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Accepted Paper:

Measuring Social Vulnerability to Disasters through Mixed-Method GIS  

Author:

Valentina Carraro (Pontificia Universidad Catolica)

Paper short abstract:

This contribution reflects on the challenges of developing a methodology integrating ethnographic data into GIS-based maps of social vulnerability to disasters. It focuses on the difficulty in reconciling different epistemologies, and of valuing uncertainty when policy recommendations are at stake.

Paper long abstract:

This contribution reflects on the challenges of developing a methodology that integrates ethnographic data into GIS-based maps of social vulnerability to disasters. In the past decade, disaster risk reduction (DRR) scholars have adopted the concept of social vulnerability, using it to account for how socio-economic inequalities amplify disaster risk. They have developed methodologies to quantify social vulnerability, using GIS to calculate a vulnerability score based on geospatial data. Helpfully, this work has encouraged the incorporation of social variables into disaster risk modelling, but critics challenge its conceptualization of vulnerability as static, simplistic and ultimately disempowering. Meanwhile, although alternative approaches to social vulnerability mapping have emerged from the qualitative social sciences, many remain skeptical as to whether they can produce the kind of generalizable, unambiguous findings that can guide decision-making. My research seeks to develop a methodology to integrate ethnographic data into GIS-based social vulnerability mapping, focusing on the Chilean town of Cartagena as a case study. Drawing on feminist epistemologies, I understand the triangulation of quantitative and ethnographic methods as a strategy to 'refract' different ways of knowing. Specifically, I have conducted 10 interviews with residents, and used GIS and Computer-Aided Qualitative Data Analysis software to code the transcripts and produce 3D 'geo-narrative' maps, building on a technique elaborated by Kwan and Ding. Based on the ongoing research, I highlight two main challenges: the reconciliation of different epistemologies in the analysis, and the difficulty of valuing uncertainty and openness when planning and policy recommendations are at stake.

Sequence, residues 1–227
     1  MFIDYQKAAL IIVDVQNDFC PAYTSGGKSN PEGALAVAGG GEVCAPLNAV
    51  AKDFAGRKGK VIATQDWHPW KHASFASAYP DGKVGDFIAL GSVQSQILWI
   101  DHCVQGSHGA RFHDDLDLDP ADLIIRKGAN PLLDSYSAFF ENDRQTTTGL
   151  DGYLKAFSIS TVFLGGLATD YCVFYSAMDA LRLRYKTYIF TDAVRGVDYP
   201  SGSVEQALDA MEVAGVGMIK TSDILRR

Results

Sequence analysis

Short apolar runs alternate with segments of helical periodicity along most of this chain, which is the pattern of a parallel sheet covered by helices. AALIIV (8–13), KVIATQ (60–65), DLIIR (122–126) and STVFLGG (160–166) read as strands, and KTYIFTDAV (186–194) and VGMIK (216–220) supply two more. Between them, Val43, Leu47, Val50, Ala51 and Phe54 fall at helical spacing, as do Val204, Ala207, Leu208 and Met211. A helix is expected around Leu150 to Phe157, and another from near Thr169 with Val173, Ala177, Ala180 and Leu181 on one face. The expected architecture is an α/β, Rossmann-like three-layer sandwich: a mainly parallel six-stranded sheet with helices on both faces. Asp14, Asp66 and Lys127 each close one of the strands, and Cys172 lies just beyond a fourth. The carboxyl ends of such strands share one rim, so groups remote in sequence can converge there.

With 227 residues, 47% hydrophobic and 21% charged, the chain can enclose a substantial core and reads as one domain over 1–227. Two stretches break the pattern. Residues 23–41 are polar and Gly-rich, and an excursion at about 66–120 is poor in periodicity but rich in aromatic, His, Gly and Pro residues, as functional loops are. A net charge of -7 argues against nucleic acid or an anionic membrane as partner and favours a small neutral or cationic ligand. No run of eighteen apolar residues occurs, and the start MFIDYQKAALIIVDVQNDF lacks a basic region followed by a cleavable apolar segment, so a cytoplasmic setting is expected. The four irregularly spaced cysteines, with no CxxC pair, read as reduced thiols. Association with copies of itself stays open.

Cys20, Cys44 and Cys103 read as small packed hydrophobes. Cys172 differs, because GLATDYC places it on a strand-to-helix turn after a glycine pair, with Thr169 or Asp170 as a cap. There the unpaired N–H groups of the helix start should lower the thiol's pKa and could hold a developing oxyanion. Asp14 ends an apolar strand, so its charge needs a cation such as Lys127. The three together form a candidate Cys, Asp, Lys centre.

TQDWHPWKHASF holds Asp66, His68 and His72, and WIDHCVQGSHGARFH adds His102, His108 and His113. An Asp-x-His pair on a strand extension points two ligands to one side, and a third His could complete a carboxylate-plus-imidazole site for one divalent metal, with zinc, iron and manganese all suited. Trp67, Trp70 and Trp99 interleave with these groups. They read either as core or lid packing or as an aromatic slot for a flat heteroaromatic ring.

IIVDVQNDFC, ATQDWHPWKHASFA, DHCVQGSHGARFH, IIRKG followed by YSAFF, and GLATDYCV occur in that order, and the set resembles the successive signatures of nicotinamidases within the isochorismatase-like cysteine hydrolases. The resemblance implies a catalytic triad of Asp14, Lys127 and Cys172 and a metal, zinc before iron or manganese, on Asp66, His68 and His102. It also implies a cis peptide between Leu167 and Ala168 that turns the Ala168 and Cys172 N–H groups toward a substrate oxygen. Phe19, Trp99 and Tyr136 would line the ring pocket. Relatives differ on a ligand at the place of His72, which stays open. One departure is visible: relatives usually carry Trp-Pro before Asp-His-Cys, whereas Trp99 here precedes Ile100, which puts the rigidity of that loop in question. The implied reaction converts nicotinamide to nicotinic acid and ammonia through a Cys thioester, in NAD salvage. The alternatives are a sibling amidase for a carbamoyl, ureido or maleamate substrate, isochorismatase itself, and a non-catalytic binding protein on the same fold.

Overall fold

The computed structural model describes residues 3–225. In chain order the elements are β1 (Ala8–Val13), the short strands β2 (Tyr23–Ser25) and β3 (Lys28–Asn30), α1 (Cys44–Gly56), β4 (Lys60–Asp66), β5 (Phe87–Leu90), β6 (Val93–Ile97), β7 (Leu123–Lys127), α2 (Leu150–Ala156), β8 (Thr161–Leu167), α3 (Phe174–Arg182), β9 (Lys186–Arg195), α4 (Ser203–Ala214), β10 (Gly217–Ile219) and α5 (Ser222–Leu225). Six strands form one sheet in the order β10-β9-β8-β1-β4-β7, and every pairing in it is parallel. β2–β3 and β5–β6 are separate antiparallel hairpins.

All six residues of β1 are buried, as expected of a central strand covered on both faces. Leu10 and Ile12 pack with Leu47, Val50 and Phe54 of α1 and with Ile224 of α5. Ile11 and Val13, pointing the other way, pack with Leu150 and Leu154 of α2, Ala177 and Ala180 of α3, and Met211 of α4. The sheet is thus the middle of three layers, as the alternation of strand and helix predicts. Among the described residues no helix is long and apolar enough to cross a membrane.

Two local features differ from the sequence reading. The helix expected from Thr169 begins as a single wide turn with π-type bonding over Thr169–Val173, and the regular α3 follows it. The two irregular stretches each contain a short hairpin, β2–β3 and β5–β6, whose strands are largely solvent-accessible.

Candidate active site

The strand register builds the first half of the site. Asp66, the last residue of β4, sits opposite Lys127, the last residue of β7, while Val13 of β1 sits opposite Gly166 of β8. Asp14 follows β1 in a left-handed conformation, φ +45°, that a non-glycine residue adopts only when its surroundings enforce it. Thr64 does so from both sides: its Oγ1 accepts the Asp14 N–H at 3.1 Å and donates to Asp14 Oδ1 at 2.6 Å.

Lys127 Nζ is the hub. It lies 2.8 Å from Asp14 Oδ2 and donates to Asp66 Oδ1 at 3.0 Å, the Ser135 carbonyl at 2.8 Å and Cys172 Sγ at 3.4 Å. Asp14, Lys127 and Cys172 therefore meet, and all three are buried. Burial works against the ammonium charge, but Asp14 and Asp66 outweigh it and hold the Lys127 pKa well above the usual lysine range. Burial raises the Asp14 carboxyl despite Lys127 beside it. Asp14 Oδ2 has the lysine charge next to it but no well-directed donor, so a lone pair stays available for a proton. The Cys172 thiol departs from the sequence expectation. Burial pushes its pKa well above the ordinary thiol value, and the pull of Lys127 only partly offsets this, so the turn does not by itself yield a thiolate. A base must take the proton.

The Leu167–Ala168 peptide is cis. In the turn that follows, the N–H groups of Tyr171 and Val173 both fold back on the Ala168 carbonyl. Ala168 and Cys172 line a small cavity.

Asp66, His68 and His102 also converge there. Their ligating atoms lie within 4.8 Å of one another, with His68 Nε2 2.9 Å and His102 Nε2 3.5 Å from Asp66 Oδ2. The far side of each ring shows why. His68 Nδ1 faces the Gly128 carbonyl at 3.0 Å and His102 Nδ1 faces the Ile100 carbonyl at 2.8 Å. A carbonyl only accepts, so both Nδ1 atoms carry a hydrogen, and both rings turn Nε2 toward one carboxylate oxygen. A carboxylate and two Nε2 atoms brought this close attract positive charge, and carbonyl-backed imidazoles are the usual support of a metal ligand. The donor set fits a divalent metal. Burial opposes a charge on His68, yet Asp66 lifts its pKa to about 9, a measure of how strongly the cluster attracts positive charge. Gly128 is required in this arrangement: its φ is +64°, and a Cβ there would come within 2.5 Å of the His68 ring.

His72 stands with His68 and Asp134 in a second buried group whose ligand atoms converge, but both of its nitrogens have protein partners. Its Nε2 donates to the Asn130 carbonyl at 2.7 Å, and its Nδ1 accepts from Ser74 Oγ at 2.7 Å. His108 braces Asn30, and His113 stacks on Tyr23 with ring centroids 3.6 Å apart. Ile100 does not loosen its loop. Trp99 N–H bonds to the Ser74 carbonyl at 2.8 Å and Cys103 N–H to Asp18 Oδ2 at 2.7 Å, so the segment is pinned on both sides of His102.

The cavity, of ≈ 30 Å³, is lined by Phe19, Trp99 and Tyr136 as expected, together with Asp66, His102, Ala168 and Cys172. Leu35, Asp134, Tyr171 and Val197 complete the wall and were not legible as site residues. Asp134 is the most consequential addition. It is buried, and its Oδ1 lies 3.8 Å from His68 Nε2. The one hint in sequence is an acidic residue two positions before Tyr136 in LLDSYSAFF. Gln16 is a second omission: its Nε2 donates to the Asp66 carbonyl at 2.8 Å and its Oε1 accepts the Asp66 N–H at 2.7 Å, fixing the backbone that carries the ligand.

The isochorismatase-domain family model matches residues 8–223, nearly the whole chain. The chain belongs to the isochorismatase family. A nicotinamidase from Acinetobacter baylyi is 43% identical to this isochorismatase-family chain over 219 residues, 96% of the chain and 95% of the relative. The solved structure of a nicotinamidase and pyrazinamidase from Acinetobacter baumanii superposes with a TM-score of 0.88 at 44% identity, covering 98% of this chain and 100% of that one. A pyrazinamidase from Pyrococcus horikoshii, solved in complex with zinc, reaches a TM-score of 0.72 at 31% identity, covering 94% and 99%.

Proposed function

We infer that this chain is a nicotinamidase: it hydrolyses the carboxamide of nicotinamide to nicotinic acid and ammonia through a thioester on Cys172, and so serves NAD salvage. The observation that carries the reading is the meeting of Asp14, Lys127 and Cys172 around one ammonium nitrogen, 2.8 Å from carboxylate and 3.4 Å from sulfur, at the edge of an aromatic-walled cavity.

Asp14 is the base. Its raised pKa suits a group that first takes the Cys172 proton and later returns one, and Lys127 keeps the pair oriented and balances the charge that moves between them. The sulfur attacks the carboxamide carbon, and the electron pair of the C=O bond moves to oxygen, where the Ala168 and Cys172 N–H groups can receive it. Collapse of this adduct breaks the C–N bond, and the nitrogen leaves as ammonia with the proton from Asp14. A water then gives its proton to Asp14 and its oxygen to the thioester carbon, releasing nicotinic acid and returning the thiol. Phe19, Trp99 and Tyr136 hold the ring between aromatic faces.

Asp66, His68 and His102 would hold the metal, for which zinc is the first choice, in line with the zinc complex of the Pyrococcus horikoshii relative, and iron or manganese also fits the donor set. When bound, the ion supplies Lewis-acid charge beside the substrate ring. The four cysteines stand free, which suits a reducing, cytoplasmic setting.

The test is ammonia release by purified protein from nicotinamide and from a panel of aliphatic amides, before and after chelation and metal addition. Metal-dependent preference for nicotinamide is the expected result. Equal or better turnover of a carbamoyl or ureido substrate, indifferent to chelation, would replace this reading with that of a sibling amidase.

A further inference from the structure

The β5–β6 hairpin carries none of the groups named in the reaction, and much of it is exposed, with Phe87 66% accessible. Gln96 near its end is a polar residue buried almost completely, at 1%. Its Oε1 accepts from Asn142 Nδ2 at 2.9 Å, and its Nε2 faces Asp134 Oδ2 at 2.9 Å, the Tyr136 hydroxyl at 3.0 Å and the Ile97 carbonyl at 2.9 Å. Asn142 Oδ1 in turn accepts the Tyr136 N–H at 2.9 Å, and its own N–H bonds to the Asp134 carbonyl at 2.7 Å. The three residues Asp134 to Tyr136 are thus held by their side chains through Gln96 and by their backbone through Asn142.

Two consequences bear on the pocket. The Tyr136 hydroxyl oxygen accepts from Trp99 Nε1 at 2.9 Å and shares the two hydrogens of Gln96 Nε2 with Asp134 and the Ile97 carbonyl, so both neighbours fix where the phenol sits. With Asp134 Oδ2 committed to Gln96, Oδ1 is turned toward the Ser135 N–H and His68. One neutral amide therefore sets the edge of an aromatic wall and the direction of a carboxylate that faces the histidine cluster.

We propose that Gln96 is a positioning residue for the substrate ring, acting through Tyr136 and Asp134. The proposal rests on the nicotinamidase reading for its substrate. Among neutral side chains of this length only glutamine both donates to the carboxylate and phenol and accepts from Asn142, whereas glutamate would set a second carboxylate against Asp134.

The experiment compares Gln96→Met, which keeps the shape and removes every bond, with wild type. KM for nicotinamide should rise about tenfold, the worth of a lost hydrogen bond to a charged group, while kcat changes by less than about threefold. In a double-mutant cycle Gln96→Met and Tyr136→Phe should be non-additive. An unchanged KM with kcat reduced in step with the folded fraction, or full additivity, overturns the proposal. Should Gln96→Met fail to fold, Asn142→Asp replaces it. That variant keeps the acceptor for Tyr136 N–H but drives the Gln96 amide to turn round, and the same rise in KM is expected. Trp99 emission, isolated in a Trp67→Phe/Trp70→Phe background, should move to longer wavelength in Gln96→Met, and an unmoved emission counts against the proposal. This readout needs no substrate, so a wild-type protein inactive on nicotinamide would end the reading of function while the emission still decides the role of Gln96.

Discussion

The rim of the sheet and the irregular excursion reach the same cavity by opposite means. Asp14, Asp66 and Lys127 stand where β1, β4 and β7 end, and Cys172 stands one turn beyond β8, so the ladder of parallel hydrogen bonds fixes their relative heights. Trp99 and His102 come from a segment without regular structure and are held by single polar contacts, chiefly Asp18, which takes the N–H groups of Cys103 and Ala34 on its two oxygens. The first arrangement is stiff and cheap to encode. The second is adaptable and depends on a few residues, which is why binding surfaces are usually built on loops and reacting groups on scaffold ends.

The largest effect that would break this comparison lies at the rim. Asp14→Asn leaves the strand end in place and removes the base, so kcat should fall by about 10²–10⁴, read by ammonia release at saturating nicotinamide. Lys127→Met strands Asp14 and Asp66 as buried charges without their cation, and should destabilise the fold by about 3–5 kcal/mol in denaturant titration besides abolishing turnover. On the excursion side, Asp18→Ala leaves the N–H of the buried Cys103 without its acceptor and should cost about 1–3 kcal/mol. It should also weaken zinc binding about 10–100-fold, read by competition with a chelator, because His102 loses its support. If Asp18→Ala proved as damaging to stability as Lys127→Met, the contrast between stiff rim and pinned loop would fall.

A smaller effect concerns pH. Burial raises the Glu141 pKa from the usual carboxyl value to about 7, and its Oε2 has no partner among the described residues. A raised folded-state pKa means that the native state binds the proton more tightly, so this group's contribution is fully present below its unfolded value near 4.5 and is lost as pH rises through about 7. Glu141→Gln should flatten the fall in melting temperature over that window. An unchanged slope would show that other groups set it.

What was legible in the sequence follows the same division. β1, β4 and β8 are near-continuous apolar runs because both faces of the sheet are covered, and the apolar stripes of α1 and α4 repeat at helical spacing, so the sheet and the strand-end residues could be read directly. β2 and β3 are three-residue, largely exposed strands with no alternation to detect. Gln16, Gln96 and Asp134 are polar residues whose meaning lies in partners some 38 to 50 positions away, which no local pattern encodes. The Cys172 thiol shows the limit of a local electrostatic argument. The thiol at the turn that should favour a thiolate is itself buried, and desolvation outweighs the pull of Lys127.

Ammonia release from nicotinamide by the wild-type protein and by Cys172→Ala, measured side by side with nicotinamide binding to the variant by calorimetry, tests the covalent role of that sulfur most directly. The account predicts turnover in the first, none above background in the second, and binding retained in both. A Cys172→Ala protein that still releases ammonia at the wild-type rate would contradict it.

Panel ME07
Ethnography and GIS